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The Spokesman-Review Newspaper
Spokane, Washington  Est. May 19, 1883

Kayaker Sells His Gear For A Prayer

Paul Kopczynski is trading his kayak paddles and backpacking gear for a simple black robe and pair of sandals.

“I feel called to the more contemplative life,” the 32-year-old man said with a peaceful smile. “I’ve been looking for happiness and to me it comes with doing the will of God.”

Paul left Coeur d’Alene Wednesday for a Benedictine monastery in the shadow of southern France’s Alps. He’ll take vows of poverty, chastity and obedience as soon as he learns enough French.

He’ll live in near silence, in Catholic spiritual study with 53 other men. He’ll sleep in a stark cell on a wooden bed with a foam pad. He’ll work in the vineyards or orchards, bake bread, tend bees.

“There are times when, if I think about it, it can be scary,” Paul said during his last day in the United States. “But if it’s God’s will, everything will work out fine.”

Paul has craved solitude all his life. He was 12 when he found a measure of contentment behind a welder’s mask. His mitt-sized hands molded metal into the finches, hummingbirds, cattails and smooth stones he loved in nature.

He has searched Northwest mountains and rivers for peace, pitting his substantial strength against whitewater and weather. His adventures netted him a berth on the U.S. National Kayaking Team, but not the happiness he sought.

Paul was raised Catholic, but strayed from the church as an adult. He found the peace he wanted at a traditional Latin Mass in Sprague, Wash., a few years ago.

A 70-mile pilgrimage in France with 20,000 religious devotees in 1993 confirmed for Paul his need to serve God.

“It was something I’d felt I should be doing for a long time but didn’t want to,” he said, his quiet voice at odds with his powerful physique. “It finally caught up with me.”

Paul will study for three years, then become a brother or priest, whichever his abbot chooses for him. If Paul finds a monk’s life unsuitable, he’ll leave. But that is unlikely.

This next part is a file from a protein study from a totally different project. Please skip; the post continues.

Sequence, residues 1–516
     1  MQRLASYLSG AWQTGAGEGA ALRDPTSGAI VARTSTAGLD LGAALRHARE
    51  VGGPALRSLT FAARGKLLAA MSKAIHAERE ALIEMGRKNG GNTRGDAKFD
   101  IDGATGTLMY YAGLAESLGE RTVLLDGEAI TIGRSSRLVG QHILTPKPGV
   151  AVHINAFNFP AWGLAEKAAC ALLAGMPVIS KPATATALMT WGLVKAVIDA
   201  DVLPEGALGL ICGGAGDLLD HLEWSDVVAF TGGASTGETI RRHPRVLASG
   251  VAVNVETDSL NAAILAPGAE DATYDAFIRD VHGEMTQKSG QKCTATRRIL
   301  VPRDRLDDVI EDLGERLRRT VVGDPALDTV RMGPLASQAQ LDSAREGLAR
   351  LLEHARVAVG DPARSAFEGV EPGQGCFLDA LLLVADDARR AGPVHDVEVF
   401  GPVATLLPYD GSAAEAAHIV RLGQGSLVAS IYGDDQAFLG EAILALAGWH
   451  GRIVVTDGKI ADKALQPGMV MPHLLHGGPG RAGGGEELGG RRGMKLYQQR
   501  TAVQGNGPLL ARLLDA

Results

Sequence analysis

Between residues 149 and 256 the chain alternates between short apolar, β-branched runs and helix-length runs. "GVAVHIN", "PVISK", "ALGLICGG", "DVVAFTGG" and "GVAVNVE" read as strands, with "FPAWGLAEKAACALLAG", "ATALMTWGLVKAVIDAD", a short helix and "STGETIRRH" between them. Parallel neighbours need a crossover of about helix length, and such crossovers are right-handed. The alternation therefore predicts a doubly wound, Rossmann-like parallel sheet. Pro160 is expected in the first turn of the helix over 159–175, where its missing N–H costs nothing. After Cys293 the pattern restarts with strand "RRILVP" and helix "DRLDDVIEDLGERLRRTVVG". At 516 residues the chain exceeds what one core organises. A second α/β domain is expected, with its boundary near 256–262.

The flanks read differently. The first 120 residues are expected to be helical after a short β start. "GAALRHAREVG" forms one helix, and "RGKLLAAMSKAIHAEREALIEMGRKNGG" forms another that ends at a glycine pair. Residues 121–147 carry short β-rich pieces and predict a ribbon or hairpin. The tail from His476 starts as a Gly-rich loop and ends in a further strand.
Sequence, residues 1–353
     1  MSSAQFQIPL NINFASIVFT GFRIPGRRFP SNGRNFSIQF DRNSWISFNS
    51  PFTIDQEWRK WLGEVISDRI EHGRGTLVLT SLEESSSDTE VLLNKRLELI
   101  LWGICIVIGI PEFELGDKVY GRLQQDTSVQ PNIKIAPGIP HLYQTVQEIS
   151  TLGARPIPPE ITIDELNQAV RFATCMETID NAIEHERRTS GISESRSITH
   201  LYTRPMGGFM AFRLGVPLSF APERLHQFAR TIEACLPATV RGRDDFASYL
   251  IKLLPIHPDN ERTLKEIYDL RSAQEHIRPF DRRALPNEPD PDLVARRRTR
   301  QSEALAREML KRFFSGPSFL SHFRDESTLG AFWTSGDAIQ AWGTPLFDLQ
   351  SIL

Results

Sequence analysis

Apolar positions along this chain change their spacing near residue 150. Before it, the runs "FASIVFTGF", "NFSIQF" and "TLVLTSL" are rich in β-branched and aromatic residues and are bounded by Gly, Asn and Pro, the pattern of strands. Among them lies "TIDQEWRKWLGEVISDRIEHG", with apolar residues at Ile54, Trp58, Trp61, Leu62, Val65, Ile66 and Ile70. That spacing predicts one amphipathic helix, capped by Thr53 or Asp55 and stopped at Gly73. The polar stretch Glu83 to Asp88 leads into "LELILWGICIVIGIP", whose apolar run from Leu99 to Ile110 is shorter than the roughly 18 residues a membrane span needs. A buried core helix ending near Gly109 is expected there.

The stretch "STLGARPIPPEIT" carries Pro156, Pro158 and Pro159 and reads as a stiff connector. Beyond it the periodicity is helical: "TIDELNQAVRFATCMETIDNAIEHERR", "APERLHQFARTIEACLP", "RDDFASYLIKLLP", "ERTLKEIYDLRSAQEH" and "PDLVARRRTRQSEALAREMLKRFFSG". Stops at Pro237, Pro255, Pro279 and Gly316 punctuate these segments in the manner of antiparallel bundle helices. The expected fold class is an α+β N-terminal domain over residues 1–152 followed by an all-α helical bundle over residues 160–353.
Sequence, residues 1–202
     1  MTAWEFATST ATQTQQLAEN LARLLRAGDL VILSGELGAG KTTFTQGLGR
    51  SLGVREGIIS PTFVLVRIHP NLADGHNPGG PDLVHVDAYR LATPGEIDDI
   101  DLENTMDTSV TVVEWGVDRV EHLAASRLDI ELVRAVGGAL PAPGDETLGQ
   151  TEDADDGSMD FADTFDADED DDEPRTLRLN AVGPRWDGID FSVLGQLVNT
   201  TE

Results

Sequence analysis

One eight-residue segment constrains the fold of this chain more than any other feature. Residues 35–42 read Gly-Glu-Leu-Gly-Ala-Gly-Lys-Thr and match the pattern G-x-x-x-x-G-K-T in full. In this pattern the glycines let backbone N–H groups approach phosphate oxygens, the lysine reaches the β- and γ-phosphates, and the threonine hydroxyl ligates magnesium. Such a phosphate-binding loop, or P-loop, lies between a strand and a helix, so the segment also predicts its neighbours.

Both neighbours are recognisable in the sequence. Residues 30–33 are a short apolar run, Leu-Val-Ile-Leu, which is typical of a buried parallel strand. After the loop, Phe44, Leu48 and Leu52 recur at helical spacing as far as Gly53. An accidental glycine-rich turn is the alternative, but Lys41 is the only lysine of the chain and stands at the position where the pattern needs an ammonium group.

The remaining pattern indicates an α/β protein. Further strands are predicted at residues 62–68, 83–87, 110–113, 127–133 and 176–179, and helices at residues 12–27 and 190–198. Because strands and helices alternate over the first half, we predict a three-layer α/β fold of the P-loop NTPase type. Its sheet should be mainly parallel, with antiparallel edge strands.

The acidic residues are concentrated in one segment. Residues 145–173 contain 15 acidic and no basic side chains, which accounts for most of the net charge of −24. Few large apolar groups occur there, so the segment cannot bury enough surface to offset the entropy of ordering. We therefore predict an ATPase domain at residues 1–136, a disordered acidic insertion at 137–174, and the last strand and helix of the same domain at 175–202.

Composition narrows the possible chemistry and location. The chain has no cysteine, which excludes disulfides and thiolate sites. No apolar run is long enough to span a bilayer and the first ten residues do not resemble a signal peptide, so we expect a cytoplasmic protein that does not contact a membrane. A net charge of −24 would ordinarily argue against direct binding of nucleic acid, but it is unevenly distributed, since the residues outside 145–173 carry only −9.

“At this monastery, the monks are very peaceful. They look very happy,” he said, with a faraway look. “This seems to me the place where God lives.”

Paul’s sculptures are on display at The Roosevelt Inn Bed and Breakfast, 105 Wallace Ave., in Coeur d’Alene.

Wilkommen zu Idaho

You don’t have to visit a monastery to hear sacred music. Germans from the University of Karlsruhe’s touring choir will stop in Plummer and Moscow this week to sing sacred works from Rossini, Mendelssohn and Bruckner.

The choir also will entertain with some romantic European folk songs.

If you’re starved for international culture, this choir will fill your plate. The Plummer concert will be in the Lakeside Middle School gym Wednesday at 7 p.m. The music will start at 8 p.m. Thursday at the University of Idaho’s Lionel Hampton School of Music. Call 686-1669 for details.

Applause, applause

Women are wonderful people and The Women’s Forum wants to honor them. The group is looking for the brightest women in Coeur d’Alene working in the arts, business, community service, education, health or public service for career excellence awards.

It also wants to honor special senior and young women for their community service. Think of all those women you admire, then call Raoul Bennett at 765-2399 for a nomination packet. Deadline is Sept. 14.

Landlord legends

The rent’s due, but the landlord’s gone and closed the bank account in which you were to deposit the rent. Sound absurd? It happened to a Coeur d’Alene man who finally tracked down his landlord’s mother in Utah.

What strange stories has renting left you? Save whining for the therapist. Tell the good stuff to Cynthia Taggart, “Close to Home,” 608 Northwest Blvd., Suite 200, Coeur d’Alene, ID, 83814; FAX to 765-7149; or call 765-7128.

, DataTimes ILLUSTRATION: Color Photo